Last summer, I was lucky enough to see the Jim Roche: Cultural Mechanic exhibit at the Ogden. Jim Roche retired as Professor of Art at Florida State in 2011. His works have been included at the Whitney, the Venice Biennale, and Paris Biennale, and has been reviewed by Art Forum, Time, the NYT, and The New Yorker.
This is his ‘Loch Ness Mama Playing’
Via Daily Serving: “The Lochness was something I had thought about for a long time. I guess I saw myself as this creature that no one new about. But I knew I existed.”
His Dr. Curve motorcycle legend cartography:
This series was described as “inspired equally by W.C. Rice’s Cross Garden (a self-taught environment in Prattville, Alabama), the vernacular cross memorials found throughout the back roads of the South, and what Roche describes as “those fire-and-brimstone preachers on the low-watt radio stations.”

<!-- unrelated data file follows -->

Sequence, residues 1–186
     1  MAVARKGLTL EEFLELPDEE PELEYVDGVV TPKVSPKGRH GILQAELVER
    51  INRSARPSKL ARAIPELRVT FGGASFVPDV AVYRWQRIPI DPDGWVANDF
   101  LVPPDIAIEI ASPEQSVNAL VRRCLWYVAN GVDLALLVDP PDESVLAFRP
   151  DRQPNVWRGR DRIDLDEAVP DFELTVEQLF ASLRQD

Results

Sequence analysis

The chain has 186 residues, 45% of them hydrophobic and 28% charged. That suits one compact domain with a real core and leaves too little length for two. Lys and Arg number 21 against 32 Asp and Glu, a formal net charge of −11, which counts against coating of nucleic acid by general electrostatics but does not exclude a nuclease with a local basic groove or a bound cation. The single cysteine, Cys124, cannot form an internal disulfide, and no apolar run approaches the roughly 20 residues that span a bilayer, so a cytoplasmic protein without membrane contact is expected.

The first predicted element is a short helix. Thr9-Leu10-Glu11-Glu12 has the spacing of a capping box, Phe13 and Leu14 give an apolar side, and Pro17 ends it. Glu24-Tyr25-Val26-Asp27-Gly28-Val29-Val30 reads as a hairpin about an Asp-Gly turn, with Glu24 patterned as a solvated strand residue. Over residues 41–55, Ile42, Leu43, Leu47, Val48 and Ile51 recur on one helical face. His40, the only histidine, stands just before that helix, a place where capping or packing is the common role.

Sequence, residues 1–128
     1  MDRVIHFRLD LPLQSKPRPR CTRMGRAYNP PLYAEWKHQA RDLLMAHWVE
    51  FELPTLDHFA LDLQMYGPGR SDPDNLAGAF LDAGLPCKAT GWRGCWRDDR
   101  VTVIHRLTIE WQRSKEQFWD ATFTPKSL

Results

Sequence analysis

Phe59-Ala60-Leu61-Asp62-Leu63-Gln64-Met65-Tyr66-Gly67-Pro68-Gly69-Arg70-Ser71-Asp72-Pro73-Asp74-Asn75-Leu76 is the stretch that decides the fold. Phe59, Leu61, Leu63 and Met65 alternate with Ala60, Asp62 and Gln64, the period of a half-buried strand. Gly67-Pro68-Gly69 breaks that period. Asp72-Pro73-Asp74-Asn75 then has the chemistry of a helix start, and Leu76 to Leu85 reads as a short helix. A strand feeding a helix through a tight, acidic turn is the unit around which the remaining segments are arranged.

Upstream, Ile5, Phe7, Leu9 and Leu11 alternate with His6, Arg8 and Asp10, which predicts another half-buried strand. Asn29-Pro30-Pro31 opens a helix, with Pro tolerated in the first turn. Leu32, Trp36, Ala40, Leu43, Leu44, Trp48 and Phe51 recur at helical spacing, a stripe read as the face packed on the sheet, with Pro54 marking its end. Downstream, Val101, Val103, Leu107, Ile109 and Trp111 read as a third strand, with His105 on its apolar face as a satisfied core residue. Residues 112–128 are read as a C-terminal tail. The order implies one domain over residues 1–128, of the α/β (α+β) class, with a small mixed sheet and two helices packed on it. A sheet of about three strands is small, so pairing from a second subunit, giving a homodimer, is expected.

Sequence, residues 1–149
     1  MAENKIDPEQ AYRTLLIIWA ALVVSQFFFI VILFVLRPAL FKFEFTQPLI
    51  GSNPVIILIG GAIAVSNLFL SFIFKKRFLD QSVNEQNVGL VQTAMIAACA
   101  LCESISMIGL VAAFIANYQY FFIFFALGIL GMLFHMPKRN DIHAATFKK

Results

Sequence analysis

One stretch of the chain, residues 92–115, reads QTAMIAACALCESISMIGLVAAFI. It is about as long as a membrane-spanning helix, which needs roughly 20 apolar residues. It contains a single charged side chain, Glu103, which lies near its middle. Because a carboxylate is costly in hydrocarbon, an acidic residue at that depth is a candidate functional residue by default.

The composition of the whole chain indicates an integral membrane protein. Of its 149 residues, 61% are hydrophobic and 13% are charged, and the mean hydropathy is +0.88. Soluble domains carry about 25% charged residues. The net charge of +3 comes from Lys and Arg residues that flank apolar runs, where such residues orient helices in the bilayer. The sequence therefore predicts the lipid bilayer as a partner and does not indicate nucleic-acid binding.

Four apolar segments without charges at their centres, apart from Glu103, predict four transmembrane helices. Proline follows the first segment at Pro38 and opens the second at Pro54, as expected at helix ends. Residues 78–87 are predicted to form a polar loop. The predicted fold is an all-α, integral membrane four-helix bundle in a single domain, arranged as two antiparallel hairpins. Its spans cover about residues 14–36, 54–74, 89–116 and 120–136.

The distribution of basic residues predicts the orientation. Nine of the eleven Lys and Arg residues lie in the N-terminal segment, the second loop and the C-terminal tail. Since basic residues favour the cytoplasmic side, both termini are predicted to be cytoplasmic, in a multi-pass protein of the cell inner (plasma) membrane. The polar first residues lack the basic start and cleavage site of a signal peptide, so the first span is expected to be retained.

I have a set of images from several visits to W.C. Rice’s Cross Garden here on Flickr.
In this same vein, Jim Roche actually had a part in Silence of the Lambs — he was the televangelist broadcasting on the television outside Hannibal Lecter’s cell. The full performance is here:
From his series, ‘Some Americans Feel Like This’:
Gambit has it:
There’s a distinctly ad hoc, gonzo, radical outsider vibe going on in this big retrospective going back to the 1960s, an era that permeates much of his oeuvre.
Most looking forward to at the Ogden: the Maude Schuyler Clay exhibit that opens October 1, 2016.